Publication: Sunday Times Issued: Date: 2008-08-10 Reporter:

The Coega Caper

 

Publication 

Sunday Times

Date

2008-08-10

Web Link

www.thetimes.co.za



The Coega stainless steel mill, on which MAN Ferrostaal won its bid to sell three submarines to South Africa, was abandoned less than six months after the arms deal was signed in December 1999.

But not before the government sent a letter to the industrial giant in April 2000 asking it for written proof of its R6-billion commitment.

Details of MAN Ferrostaal's reneging on its original agreement are contained in the auditor-general's May 2001 draft report, which was never made public.

The draft report states that the Department of Trade and Industry, the Department of Defence and Armscor asked MAN Ferrostaal for proof of "adequate equity contributions" related to its offset project or to provide substitute projects to the same value.

It replied in an unsigned letter on May 29 2000, with details of a new offset deal the "Algossa Development and Investment Holding Company" with authorised share capital of not less than 60 million deutsche marks (R357.3-million at the rand's current exchange rate) ".

The Sunday Times could not confirm whether this company was ever formed.

In the letter, MAN Ferrostaal committed to :

Establish a venture capital fund which would operate as a subsidiary of Algossa.

Build, operate and implement a stainless flat steel production plant; and

At least two stainless steel downstream projects, possibly including a precision strip-mill.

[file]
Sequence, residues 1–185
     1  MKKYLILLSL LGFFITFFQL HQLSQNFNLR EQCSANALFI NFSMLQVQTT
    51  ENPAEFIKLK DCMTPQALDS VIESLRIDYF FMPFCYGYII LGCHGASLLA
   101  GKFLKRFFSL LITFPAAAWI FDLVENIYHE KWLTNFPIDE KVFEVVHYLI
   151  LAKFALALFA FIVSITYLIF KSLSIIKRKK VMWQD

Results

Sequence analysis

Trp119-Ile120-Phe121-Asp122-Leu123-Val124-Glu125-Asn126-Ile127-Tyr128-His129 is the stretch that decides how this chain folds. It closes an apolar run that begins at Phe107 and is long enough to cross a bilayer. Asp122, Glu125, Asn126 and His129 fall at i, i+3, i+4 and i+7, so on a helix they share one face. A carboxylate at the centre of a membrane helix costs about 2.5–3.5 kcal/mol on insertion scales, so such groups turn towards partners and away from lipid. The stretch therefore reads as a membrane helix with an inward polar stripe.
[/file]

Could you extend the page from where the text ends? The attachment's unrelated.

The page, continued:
The draft report notes that the revised mill project listed was "significantly different to the Coega project originally evaluated and which substantially contributed to the German Submarine Consortium (MAN Ferrostaal) being selected as the preferred bidder".

Mill output changed from 800 000 tons a year to 240 000 tons, the technology to be used seemed different and the project appeared to have moved from Coega to Middelburg.

On June 23 2000, MAN Ferrostaal sent another letter summarising its substitute projects, including condom manufacturing plants and two projects in Mozambique.

The draft report concluded that:

With acknowledgements to Sunday Times.



This is no caper, it's fraud.

What's as bad is that the German Frigate Consortium had its NIP scores increased by Cabinet because one of its NIP offerings also involved stainless steel.

Otherwise Bazan would have clearly won the entire evaluation and the corvette contract.

In any case Bazan did actually win the entire evaluation, but due to Chippy Shaik changing the scoring system midway and DoD/Armscor messing up the DIP scoring, theGFC won.

But that's why the GFC paid Chippy Shaik US$3 million for taking them from No. 2 to No. 1, after paying Thabo Mbeki and the ANC US$22 million for taking them from No. 5 to No. 2.

As soon as GFC and GSC had their contracts, they reneged on their major stainless steel NIP offerings.

It's no caper, it's fraud, it's corruption and corruption is a multi-party crime.

Tell me it ain't true.